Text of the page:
Ac­com­pa­nied by Mo­hammed Aaitouna from the cen­tre, and Mokhtar and Ab­der­ah­mane – two local se­cu­rity guards – we walk around the cor­ner be­fore being con­fronted with the Al Man­zah slum. Over­looked by five-storey apart­ments, fam­i­lies here are squeezed into a head-height rab­bit war­ren of wood and sheet metal. The path is at times so nar­row we are forced to walk sin­gle file, brush­ing past the oc­ca­sional vine over­head. An old man walks past with a don­key-pulled cart sell­ing bread; a small econ­omy op­er­ates here and some have me­nial jobs out­side. Many are un­em­ployed and il­lit­er­ate. In Al Man­zah, peo­ple's frailty is laid bare, and we weave through the camp briskly so as not to ruf­fle feath­ers. On the other side, fi­nally out in the open, past a moun­tain of garbage that seems to vi­brate with odour, kids pose for pho­tos like rap­pers and yell out to us as we de­part, 'bonne chance, mes amis!'

In the Ainfa dis­trict, Casablanca's 'Bev­er­ley Hills', clean, palm tree-lined streets show­case sump­tu­ous linen-white vil­las lead­ing to the Cor­niche. Here, by the crash­ing waves, tow­ers the Has­san II mosque, the sec­ond largest in the world after Mecca. Every Mo­roc­can cit­i­zen was forced to con­tribute fi­nan­cially to­wards its con­struc­tion, in­clud­ing the slum-dwellers dis­placed in the build­ing process. A few hun­dred me­tres along the shore, the fa­mil­iar mish­mash of tin roofs poke above a two metre white­washed wall that wraps around the 'bidonville' – a French colo­nial term for shanty town that sup­pos­edly orig­i­nated in Casablanca. Such sights are com­mon in the city, often re­ferred to as 'walls of shame', and may serve as a metaphor for so­ci­ety's at­ti­tude to­wards the bal­loon­ing mass of the urban des­ti­tute. Out of sight, out of mind.

But how about the hip­sters?

Some of Mo­rocco's wealthy night-owls, who writhe to deep house at chic seafront venues where bot­tles of Cham­pagne sell for nearly €1000 (in a coun­try with a GDP per capita of €2100, ac­cord­ing to the World Bank), take a Dar­win­ian ap­proach. A young en­tre­pre­neur sniffs:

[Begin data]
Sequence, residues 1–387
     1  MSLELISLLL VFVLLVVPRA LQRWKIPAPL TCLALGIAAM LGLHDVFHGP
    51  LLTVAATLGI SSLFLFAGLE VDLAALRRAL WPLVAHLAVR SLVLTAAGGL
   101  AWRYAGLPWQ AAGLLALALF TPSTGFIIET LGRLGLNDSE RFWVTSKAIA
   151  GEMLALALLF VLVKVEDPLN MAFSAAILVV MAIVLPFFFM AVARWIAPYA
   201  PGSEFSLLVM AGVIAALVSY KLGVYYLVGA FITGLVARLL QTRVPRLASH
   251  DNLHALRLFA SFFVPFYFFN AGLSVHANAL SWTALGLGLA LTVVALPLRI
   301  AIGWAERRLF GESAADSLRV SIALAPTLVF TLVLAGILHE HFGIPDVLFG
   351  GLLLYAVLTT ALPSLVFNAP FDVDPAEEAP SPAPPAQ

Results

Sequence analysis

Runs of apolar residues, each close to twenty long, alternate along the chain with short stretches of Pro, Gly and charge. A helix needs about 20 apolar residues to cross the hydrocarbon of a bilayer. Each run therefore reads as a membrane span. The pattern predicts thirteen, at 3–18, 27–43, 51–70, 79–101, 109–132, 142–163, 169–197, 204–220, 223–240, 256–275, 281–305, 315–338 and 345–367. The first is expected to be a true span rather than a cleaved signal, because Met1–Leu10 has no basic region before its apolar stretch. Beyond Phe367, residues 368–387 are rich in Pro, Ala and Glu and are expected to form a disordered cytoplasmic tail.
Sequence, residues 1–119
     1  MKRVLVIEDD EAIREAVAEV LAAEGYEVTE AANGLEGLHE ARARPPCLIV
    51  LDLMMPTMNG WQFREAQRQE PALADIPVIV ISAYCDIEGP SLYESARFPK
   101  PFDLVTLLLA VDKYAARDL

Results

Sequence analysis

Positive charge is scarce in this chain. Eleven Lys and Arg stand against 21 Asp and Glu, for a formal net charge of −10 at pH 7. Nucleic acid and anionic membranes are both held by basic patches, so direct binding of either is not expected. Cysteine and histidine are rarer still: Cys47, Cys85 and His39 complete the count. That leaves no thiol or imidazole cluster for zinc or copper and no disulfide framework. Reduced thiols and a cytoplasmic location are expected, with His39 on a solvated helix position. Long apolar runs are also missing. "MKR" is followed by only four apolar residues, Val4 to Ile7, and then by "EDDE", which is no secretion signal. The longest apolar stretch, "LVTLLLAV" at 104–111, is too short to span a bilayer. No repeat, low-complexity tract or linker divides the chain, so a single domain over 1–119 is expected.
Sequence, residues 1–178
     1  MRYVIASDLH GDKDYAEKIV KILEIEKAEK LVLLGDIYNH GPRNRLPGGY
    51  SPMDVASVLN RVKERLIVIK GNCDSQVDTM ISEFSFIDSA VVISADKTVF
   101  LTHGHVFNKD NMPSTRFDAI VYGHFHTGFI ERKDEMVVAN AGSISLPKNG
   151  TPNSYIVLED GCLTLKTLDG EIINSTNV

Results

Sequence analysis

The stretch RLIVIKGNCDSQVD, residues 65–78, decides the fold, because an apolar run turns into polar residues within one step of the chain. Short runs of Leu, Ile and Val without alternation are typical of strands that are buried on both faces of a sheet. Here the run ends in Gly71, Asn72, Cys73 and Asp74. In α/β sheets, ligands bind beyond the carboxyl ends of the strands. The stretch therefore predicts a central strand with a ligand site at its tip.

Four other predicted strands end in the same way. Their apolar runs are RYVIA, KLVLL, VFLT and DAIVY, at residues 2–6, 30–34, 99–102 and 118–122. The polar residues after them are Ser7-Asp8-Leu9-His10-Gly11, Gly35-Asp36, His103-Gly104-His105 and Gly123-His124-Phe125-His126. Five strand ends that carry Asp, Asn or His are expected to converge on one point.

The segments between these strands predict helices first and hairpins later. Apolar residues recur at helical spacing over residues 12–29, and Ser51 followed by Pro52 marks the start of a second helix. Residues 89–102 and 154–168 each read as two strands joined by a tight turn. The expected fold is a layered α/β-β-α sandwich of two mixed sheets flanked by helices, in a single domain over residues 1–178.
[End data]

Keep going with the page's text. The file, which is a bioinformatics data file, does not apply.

“You need poor peo­ple, you need rich peo­ple – that's the con­di­tion for the sta­bil­ity of the coun­try. As long as the peo­ple don't die of star­va­tion, Mo­rocco is doing the right thing.”

As well as the biggest mosque and the largest slums in Africa, Casablanca also hosts the biggest shop­ping cen­tre in the con­ti­nent, ex­cit­ingly named 'Mo­rocco Mall'. In here, dresses come with €900 price tags and vis­i­tors can scuba dive with trop­i­cal fish in the aquar­ium. From a bal­cony of one of the ex­or­bi­tantly ex­pen­sive restau­rants, we spy a small is­land by the shore and ap­proach it.

Tooth­less old ladies sit on the bridge of the is­land bang­ing drums and play­ing Chaabi music, call­ing us 'voyeurs!' when we pass. After a small maze of al­leys and gloomy box-like shacks, we reach a rocky out­crop and the great ex­panse of the At­lantic. Fam­i­lies and cou­ples pose for pho­tos whilst goats and chick­ens mooch around a small pen. I naively think that the an­i­mals are here for chil­dren to play with. I am later in­formed that their slashed throats and spilt blood are a nec­es­sary part of the sac­ri­fice to Abdel Rah­man, a revered saint whose final rest­ing place is be­lieved to be here.

“They used to mock the sick that came here to be healed,” our Mo­roc­can jour­nal­ist col­league re­marks be­fore ges­tur­ing to the Mo­rocco Mall loom­ing like an ar­madillo's shell in the dis­tance, “but now they are the sick ones.”

This ar­ti­cle is part of the Eu­romed Re­porter pro­ject, con­ducted in part­ner­ship with I WATCH and Search For Com­mong Ground and sup­ported by the Foun­da­tion Anna Lindh.